Both The New York Times and The Washington Post have weekend book sections with Abraham Lincoln features today. The Post's is more extensive, featuring two reviews and then an overview of recent Lincoln books, while the Times has a lengthy piece on recent books by longtime contributor William Safire.
The Post reviews are fairly straightforward, featuring yet another positive review of Ronald White's A. Lincoln. Although I was not a fan of White's book on Lincoln's Second Inaugural Address, I am quickly becoming convinced from the number of glowing reviews that this is likely a significant new biography. Also today there is a review of a new biography of Mrs. Lincoln, in which the reviewer is curiously ambivalent about whether Mary Lincoln merits an individual biography.
The overviews of recent biography in both papers are intriguing for their tones, including the fact that both writers feel compelled to regurgitate the long-time publishing joke about how a book on 'Lincoln's doctor's dog' would be an instant best-seller.
Setting this aside, both seem to take the opposite approach on the subject: in the Post, Fred Kaplan seem so repulsed by the number and length of Lincoln books that I half expect him to propose book-burning as a solution. This is odd given that Kaplan himself is the author of a recent book on Lincoln (Lincoln: The Biography of a Writer). Of course, he suggests that authors should limit themselves to one book only on Abraham Lincoln, which is a staggeringly short-sighted view. I gather that Kaplan will limit himself to only one book (which is his right), but I hesitate to think of others, like the prolific and enthusiastic Harold Holzer or the longtime student of Lincoln David Herbert Donald or the superstar of the next generation Douglas Wilson -- all of whom have published several significant books on Lincoln. And given his rather blase rebuttal of Michael Burlingame's recent multi-volume Lincoln biography (the first significant multi-volume work on Lincoln in decades, fitting into an older tradition of Lincoln biography) based on its length suggests that Kaplan does not really have the depth of reading in the Lincoln field to be writing generally about it. Of course, on that the editors of the Post clearly seem to disagree with me.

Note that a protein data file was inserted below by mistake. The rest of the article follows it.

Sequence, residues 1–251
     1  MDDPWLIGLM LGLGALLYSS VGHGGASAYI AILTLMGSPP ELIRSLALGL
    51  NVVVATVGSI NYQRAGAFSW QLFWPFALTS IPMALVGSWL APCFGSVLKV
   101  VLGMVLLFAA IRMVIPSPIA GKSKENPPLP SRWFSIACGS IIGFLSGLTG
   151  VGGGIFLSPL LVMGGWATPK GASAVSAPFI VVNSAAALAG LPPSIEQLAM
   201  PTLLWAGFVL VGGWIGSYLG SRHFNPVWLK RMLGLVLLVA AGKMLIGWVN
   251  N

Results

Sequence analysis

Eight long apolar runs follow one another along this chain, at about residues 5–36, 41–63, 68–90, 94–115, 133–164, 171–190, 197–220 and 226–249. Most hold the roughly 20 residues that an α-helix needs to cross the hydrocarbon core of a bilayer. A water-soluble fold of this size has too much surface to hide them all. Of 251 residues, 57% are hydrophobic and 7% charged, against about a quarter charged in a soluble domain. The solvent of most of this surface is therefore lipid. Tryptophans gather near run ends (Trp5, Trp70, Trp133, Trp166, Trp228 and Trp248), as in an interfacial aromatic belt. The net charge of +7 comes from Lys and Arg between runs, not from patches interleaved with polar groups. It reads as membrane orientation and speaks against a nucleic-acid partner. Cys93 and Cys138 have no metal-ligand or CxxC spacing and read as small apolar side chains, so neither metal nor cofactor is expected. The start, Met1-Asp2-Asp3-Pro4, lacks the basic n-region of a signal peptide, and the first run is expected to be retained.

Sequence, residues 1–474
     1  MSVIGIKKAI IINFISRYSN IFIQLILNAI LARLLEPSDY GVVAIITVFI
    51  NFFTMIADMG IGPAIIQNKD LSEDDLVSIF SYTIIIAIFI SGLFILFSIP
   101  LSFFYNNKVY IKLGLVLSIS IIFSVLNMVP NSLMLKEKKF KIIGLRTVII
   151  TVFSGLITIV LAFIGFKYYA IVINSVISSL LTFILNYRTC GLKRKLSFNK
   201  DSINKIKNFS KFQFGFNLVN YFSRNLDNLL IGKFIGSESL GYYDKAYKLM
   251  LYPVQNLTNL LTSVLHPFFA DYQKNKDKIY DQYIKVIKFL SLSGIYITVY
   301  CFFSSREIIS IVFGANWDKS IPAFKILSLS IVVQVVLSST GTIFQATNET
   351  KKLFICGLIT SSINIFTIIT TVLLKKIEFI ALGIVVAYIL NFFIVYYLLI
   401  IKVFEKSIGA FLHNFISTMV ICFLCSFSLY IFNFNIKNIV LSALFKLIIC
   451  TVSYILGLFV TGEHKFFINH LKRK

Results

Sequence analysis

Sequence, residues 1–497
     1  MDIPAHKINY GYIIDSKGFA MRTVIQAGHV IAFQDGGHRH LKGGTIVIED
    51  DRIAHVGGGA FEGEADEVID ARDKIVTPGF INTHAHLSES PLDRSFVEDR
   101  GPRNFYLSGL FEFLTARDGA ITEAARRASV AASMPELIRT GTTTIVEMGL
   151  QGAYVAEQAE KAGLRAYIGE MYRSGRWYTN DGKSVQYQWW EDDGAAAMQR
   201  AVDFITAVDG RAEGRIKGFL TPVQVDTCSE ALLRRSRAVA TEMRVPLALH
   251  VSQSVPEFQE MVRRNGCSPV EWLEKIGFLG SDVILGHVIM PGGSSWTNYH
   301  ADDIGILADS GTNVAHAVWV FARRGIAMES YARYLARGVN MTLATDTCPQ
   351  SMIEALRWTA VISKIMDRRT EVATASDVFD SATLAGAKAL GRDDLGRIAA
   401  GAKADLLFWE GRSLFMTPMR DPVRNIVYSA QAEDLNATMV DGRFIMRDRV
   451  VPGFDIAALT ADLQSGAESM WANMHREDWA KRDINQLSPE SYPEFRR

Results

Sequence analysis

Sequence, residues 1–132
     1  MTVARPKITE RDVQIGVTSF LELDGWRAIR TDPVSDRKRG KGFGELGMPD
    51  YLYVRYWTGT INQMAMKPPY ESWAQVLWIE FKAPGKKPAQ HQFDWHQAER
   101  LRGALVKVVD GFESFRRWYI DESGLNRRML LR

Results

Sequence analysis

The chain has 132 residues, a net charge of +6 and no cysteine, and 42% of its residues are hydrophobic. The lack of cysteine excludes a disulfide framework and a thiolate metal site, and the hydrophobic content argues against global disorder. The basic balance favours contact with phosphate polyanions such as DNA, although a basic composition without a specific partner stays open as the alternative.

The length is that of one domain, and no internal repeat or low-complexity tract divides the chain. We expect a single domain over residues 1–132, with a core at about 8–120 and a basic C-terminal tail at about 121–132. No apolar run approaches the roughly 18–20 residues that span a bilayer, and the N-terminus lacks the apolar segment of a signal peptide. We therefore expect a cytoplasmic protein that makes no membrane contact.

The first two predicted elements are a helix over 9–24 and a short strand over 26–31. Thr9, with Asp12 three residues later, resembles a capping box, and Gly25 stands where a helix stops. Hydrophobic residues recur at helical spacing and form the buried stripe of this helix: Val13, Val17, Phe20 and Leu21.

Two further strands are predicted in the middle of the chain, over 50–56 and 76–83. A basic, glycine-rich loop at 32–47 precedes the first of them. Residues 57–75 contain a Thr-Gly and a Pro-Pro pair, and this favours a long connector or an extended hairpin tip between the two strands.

William Safire's lengthier piece in the Times is odd in that he seems rather eager to write his own Lincoln book to add to recent titles. Safire has a much longer introduction before he considers several important recent titles, including the aforementioned ones by White and Burlingame. He also gives attention to the new Library of America title, The Lincoln Anthology: Great Writers on His Life and Legacy from 1860 to Now which is certainly among the most intriguing of the bicentennial books; drawing from countless authors over almost 150 years, this volume allows one to glimpse the evolution of Lincoln's legacy. After this, though, Safire enters into an extended commentary where he suggests possible inquiries for future Lincoln books, including one that might be described as contrafactual history. As a whole, the column is interesting, but also a bit odd.